>> Speaker 5: A couple people in chat were saying they don't even know where to start. Can you put some of this code up there to give them a starting point?
>> Scott Moss: Yep.
>> Speaker 5: Or maybe walk through again.
>> Scott Moss: Yeah I'll push it up. So while I'm pushing it up, where they can start is, first thing's first, is just create a root file to their applications.

[00:06:41] So right now I have an app folder with a route.ts and just write some type of TypeScript or ES 6 code in there. So that's the starting point. Just make sure you have a file that needs to be compiled. And in this case, I made this file do an alert, so I can see it when I load it up in a browser.

[00:06:59] That way I don't have to check the logs or something. So that's the first step. The second step is to get it to compile and the way you would do that is with the webpack config. So everybody should already have the webpack tools installed globally on a computer and what not, so that stuff should already be there.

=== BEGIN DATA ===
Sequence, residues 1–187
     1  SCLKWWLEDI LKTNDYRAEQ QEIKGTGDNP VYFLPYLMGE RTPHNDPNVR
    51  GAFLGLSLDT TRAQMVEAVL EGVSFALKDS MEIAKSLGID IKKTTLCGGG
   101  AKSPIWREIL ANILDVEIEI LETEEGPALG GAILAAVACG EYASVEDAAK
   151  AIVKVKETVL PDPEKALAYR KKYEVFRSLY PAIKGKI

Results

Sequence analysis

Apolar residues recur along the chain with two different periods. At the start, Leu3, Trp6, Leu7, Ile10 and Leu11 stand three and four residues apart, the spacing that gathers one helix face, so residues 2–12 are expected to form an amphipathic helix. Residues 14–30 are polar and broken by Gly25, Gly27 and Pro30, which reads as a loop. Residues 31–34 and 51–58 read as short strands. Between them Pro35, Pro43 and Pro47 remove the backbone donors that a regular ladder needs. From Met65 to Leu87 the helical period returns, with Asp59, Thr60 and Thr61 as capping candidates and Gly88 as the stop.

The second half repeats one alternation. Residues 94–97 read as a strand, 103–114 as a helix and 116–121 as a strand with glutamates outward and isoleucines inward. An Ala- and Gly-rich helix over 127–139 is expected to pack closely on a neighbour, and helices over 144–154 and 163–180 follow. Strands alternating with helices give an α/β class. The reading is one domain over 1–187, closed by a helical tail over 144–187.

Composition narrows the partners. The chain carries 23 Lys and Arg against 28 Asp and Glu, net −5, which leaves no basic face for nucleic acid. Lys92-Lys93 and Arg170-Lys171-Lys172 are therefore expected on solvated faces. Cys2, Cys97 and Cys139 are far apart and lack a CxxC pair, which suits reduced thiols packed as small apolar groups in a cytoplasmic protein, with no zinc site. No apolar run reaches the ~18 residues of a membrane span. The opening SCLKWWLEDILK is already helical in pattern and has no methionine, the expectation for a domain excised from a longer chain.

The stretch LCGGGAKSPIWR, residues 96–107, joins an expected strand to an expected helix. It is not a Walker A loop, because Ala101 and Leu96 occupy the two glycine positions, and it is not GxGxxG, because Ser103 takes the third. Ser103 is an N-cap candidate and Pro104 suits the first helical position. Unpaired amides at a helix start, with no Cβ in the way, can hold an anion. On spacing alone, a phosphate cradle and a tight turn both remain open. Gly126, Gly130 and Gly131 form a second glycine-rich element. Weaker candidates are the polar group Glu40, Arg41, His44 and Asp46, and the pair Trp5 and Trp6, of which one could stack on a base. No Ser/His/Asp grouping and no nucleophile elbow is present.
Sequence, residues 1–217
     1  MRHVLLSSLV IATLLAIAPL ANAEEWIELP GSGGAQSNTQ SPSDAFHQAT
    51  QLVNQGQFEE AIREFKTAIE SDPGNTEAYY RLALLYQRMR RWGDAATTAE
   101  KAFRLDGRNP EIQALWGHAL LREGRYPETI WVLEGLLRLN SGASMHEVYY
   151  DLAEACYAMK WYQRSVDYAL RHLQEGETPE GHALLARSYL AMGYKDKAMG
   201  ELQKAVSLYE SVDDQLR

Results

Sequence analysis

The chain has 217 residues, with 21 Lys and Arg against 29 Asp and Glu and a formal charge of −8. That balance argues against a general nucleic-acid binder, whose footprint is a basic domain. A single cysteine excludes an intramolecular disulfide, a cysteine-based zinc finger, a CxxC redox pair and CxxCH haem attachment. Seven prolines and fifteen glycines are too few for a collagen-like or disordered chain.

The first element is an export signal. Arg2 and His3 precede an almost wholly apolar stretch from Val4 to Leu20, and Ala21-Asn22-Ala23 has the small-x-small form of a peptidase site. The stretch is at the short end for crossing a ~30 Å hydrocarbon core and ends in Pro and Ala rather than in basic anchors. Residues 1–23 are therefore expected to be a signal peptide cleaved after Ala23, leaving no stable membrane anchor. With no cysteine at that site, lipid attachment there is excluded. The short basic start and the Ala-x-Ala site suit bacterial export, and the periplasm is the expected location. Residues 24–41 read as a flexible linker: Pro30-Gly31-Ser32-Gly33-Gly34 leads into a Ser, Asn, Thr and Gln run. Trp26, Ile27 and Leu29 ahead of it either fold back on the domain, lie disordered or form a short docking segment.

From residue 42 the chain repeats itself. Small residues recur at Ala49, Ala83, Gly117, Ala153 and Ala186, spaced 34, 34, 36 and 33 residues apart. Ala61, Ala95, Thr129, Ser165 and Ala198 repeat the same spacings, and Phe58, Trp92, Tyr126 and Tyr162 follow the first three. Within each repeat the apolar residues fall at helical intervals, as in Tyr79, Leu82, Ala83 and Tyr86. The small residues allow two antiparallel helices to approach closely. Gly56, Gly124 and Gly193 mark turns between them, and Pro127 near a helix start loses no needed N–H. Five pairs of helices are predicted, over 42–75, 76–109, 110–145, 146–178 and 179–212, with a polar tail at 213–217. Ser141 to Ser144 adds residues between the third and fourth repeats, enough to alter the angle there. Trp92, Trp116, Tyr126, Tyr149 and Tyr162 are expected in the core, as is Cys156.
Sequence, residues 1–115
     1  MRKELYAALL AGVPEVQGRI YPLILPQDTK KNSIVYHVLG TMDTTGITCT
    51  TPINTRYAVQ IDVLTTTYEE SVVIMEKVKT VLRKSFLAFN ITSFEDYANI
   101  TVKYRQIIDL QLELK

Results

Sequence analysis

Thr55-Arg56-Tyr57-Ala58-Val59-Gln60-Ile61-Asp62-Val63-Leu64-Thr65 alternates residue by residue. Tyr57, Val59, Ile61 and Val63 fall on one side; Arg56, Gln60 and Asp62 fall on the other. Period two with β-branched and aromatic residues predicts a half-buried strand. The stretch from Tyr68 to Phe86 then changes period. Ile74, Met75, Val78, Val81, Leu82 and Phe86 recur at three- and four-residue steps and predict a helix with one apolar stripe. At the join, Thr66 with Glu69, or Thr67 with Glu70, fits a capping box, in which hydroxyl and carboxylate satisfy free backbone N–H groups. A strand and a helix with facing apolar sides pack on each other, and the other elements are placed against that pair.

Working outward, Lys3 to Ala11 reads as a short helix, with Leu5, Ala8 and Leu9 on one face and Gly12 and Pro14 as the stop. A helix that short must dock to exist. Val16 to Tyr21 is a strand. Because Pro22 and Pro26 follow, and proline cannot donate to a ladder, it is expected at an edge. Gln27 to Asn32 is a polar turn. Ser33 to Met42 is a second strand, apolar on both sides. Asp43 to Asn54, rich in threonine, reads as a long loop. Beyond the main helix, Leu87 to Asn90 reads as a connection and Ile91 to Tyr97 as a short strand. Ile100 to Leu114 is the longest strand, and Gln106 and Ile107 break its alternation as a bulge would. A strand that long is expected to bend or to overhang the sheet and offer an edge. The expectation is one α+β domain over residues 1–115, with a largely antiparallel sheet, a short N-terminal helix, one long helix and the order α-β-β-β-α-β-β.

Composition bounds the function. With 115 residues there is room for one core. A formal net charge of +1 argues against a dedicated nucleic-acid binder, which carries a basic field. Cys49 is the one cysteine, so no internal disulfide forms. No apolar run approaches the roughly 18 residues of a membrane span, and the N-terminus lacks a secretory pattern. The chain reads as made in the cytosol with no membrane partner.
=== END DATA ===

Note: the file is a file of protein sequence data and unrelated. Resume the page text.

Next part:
[00:07:17] Only thing you have to do now is use a loader like awesome-typescript loader or TS LOADER whichever one you want to use. Highly recommend you use an awesome-typescript loader and configure a webpack to bundle your code, that's it. And then step three is to go into a terminal, type in the webpack and watch it bundle, that's minimal, you're done.

[00:07:37] But I do recommend going a step further. Using web pack dev server. Setting up your linter. Setting up typings. And TS config. But you don't have to because we're not going to use this anyway. It's already in the starter repo. But it'd be really nice if you knew what it was.

[00:07:57] So if you feel lost you should feel lost. That's the point. Of this one, but the rest of the stuff won't be like this I promise. This one is just, this is how you gotta do it